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If you or a loved one are struggling to stop using drugs or alcohol, our team of addiction experts can help you get sober a learn the skills for lifelong recovery.

What Does Withdrawal of Xanax Look Like?

A clear picture of what withdrawal of Xanax looks like needs an in-depth understanding of the drug. Xanax, commonly known as alprazolam, is an anti-anxiety medication. Xanax slang names include benzos, handlebars, Zanies, Zanbars, blue footballs, bars, and Upjohn. Anxiety is a common illness with patients struggling with mental health and insomnia issues. Usually, doctors prescribe Xanax as an anxiety medication to ease panic attacks, PTSD, and excessive worry. Xanax effortlessly creates a dependency on patients who use it frequently. Although such medications are effective, it’s always wise to find methods to control one’s anxiety. Xanax is a benzodiazepine; therefore, its long-term use normally results in dependency and withdrawal. Although a doctor may prescribe Xanax, you could easily be an addict. Even when following the prescription, you can easily get physical dependence. Xanax addiction and physical dependence may develop quickly and quitting it instantly may cause withdrawal symptoms. Xanax dependency may occur when using for medicinal or recreational use. The negative side effects will still be the same under both uses. However, there’s a better chance for people who use it on a prescription basis to quit instead of recreational usage. However, if the patient has already developed severe physical dependence, it’s risky to quit abruptly. Medical detoxification is highly recommended and provides a safe environment when quitting Xanax.

Xanax Medical use, Dependence, Withdrawal symptoms, and Medical Detoxification

Xanax is an efficient and useful medication for people experiencing acute distress. However, Xanax is not recommended for long-term or repeated use. Xanax medical uses are as follows:

  • Generalized anxiety disorder (GAD)
  • Panic attacks
  • Insomnia
  • Panic disorder

Xanax is in the same class of drugs such as Valium, Estazolam, and Restoril. Xanax is a benzodiazepine and works similarly by stimulating GABA production (a neurotransmitter). GABA helps us to remain calm and relaxed. Therefore, when you experience an anxiety disorder, it means you are not controlling GABA appropriately. Benzodiazepines such as Xanax help control GABA, enabling one to remain calm. Xanax usually reduces brain activity and as a result, you feel calmer. The main intention is to reduce brain activity that’s causing one to feel anxious. Xanax addiction is just like alcohol and any other drug addiction. The process of quoting is not a one-day journey. On your first day without Xanax, you may experience acute and life-threatening symptoms. An abrupt stop of Xanax may result in severe effects like seizures. The medical detox approach is advisable as it helps taper off Xanax and eliminates chances of severe effects. Some effects could easily cause death when not attended to in time. When patients undertake this process by themselves, they face the risk of relapse more often. Xanax treatment is long-term with various avenues that help relieve severe symptoms. Patients use Xanax for various reasons and so the effects and withdrawal symptoms may vary. While other people find it easy to quit, others may struggle. However, upon taking the last Xanax dose, patients to experience the following common symptoms:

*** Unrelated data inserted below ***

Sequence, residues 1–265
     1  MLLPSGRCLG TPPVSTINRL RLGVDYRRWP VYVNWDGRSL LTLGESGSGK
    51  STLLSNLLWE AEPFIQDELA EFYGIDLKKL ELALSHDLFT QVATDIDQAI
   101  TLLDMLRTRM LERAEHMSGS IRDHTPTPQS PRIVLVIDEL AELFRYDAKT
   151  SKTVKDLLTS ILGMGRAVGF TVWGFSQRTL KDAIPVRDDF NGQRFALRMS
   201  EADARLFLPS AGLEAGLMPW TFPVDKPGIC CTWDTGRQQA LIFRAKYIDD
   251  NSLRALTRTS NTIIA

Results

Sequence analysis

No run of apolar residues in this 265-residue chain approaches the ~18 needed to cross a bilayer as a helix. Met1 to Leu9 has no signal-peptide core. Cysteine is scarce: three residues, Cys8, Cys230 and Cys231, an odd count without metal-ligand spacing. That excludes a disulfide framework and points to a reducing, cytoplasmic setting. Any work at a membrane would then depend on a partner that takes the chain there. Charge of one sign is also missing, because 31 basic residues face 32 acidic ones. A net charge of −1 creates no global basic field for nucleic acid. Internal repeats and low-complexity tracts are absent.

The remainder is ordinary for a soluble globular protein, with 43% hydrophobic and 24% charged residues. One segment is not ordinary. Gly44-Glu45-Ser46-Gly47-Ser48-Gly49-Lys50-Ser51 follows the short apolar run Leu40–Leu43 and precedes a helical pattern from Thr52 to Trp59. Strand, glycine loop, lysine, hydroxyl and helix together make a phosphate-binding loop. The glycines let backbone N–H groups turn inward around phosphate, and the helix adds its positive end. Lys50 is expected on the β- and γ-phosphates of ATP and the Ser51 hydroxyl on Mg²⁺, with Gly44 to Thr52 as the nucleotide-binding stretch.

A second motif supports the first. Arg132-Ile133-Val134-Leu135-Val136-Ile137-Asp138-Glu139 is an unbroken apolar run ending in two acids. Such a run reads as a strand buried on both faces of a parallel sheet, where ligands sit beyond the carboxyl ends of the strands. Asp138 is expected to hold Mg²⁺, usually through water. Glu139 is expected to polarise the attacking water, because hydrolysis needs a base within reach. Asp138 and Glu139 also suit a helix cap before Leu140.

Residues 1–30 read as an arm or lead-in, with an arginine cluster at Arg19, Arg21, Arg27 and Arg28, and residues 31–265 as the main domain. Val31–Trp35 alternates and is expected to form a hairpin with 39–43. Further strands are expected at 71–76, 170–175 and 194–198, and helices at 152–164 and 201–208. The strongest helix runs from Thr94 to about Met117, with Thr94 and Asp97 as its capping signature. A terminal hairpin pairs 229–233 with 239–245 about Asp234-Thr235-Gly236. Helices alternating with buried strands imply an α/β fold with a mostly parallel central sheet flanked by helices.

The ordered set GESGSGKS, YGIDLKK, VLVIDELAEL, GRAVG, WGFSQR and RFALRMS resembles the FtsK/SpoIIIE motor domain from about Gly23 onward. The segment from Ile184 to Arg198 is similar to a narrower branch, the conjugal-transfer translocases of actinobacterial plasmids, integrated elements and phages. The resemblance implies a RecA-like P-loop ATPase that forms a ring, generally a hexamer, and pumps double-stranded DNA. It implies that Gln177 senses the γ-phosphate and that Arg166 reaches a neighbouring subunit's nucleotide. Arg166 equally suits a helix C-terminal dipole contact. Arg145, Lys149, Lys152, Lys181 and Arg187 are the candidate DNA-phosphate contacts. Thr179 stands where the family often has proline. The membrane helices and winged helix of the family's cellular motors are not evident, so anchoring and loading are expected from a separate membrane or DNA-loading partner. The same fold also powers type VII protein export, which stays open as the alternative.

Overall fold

• Intense drug cravings
  • Sweating
  • Nausea
  • Vomiting
  • Anxiety
  • Tremors
  • Increased heart rate
  • Blurry vision
  • Hallucinations
  • Delirium
  • Diarrhea
  • Headaches
  • Muscle pains

It’s important to note anxiety is one of the symptoms; hence a patient may likely be tempted to take another dose to remain calm. For the safety of any drug addict, also including Xanax, it’s highly advisable to seek medical and professional supervised detoxification services. The services help addicts to withdraw in a safe condition. If someone withdraws from Xanax, it’s best recommended to use the extended taper method. Taper extended method involves giving decreasing amounts of Xanax to the patients over a continuous period. However, a taper is efficient in long-acting benzo; hence a patient may have to be introduced to one if they were initially using short-acting ones. Xanax is short-acting benzo; hence among the first steps of the treatment is the introduction of long-acting benzo. This stage is known as the stabilization phase and is aimed at creating consistency in the body. When stabilization is achieved, it’s easier for the taper levels of benzodiazepines to be effective. Another method is putting a patient under a long-acting barbiturate to initiate taper. However, Xanax withdrawal does not have severe effects when you withdraw as compared to alcohol. Even so, withdrawal usually has various side effects and could be severe. It’s always advisable to seek medical treatment or speak with an addiction doctor. Ready to begin? Contact us now at 424-499-2603.